explicitly sets forth certain protections and requirements
that plans must meet. A covered plan “shall provide
that . . . in the case of a vested participant who dies
before the annuity starting date and who has a surviving
spouse, a qualified preretirement survivor annuity shall be
provided to the surviving spouse of such participant.”
29 U.S.C. § 1055(a). An exception applies where the
“plan provides that the participant's
nonforfeitable accrued benefit . . . is payable in full, on
the death of the participant, to the participant's
surviving spouse.” 29 U.S.C. § 1055(b)(1)(C)(i).
ERISA requires that retirement plan benefits be paid to a
surviving spouse, absent an effective election by the plan
participant. 29 U.S.C. § 1055(c)(1)(A)(i). A
participant's election to pay benefits to someone other
than his surviving spouse is effective only if:
(i) the spouse of the participant consents in writing to such
election, (ii) such election designates a beneficiary (or a
form of benefits) which may not be changed without spousal
consent (or the consent of the spouse expressly permits
designations by the participant without any requirement of
further consent by the spouse), and (iii) the spouse's
consent acknowledges the effect of such election and is
witnessed by a plan representative or a notary public.
29 U.S.C. § 1055(c)(2)(A).
surviving spouse provisions are “part of the
statute's mandatory participation and vesting
requirements.” Boggs v. Boggs, 520 U.S. 833,
841 (1997). The spousal protections contained in §
1055(c) “were intended to ensure a stream of income to
surviving spouses” and these “formalities must,
therefore, be strictly enforced.” Hagwood v.
Newton, 282 F.3d 285, 290 (4th Cir. 2002) (internal
quotation marks and citation omitted). The spousal annuity is
“[t]he crown jewel of ERISA's spousal protection,
” and “[w]ithout the spouse's written consent
expressly acknowledging the effect of the waiver or new
beneficiary designation, a participant can neither waive nor
alter the survivor annuity in any way.” VanderKam
v. VanderKam, 776 F.3d 883, 886 (D.C. Cir. 2015).
MidAmerican Pension & Employee Benefits Plans
Administrative Committee v. Cox, 720 F.3d 715, 716 (8th
Cir. 2013), a plan participant designated his parents as
beneficiaries at a time when he was unmarried. He later
remarried his ex-wife, and they executed an antenuptial
agreement purporting to waive any interest in the other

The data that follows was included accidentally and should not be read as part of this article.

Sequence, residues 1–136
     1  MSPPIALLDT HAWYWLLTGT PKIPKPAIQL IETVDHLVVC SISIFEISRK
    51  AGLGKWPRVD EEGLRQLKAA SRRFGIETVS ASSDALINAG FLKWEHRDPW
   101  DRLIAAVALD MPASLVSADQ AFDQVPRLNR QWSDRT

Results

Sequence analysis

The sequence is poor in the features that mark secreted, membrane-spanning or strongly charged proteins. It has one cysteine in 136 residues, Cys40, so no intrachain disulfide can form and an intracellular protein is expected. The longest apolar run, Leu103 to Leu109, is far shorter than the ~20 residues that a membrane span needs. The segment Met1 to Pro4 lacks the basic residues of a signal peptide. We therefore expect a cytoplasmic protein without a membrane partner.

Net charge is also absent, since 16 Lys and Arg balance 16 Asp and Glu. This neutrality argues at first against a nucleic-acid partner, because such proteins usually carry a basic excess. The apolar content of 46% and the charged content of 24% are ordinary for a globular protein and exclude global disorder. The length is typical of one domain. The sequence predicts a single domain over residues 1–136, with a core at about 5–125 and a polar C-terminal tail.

spouse's retirement plans in the event of divorce. In the
antenuptial agreement, each spouse agreed to consent in
writing to a waiver of benefits as required by ERISA.
Id. at 717. The couple subsequently separated and
began divorce proceedings; however, the husband died before
the divorce was finalized. Id. His wife refused to
sign a waiver as required by the antenuptial agreement, and
the plan administrator filed an interpleader action to
determine whether the wife or the parents were entitled to
the retirement plan funds. Id. at 718. The district
court entered summary judgment in favor of the widow, and the
court of appeals affirmed. Id. at 720. The court
concluded that the antenuptial agreement did not conform to
the statutory consent requirements, which must be strictly
applied, and therefore the participant's
“designation of his [p]arents as beneficiaries . . .
must yield to [the widow's] rights as surviving
case, Robert Roark is not entitled to the death benefit under
either the plan documents rule or the plan statutory
language. The Summary Plan Description clearly and
unambiguously states, “If you are married at the time
of your death, your spouse will be the beneficiary of the
entire death benefit unless an election is made to change the
beneficiary.” Compl. Ex. B at 12, ECF No. 1-3. Both the
Summary Plan Description and § 1055(c) detail the
procedure for making an effective election. The Plan does not
dispute the fact that no compliant election was ever made.
Therefore, based on the pleadings now before the court, it
appears that Polly, the surviving spouse, is entitled to the
death benefit and accordingly the Plan is not entitled to
judgment on the pleadings.
foregoing reasons, it is ORDERED that the Plan's Motion
for Judgment on the Pleadings (ECF No. 7) is DENIED.
 It is unclear from the pleadings
whether the Plan requested, received, or reviewed a copy of
the Certificate of Death before paying the death benefit to
Robert and Joan Roark.
 Roark's responsive pleadings to
the Third-Party Complaint were apparently due December 22,
2016, but none have been filed nor has Roark otherwise
entered a defense. At the request of the Plan, the court
extended the time for Roark to answer to January 27, 2017.
Order, Dec. 29, 2016, ECF No. 21.
 I will dispense with oral argument
because the facts and legal contentions are adequately
presented in the materials before the court, and argument
would not significantly aid the decisional process.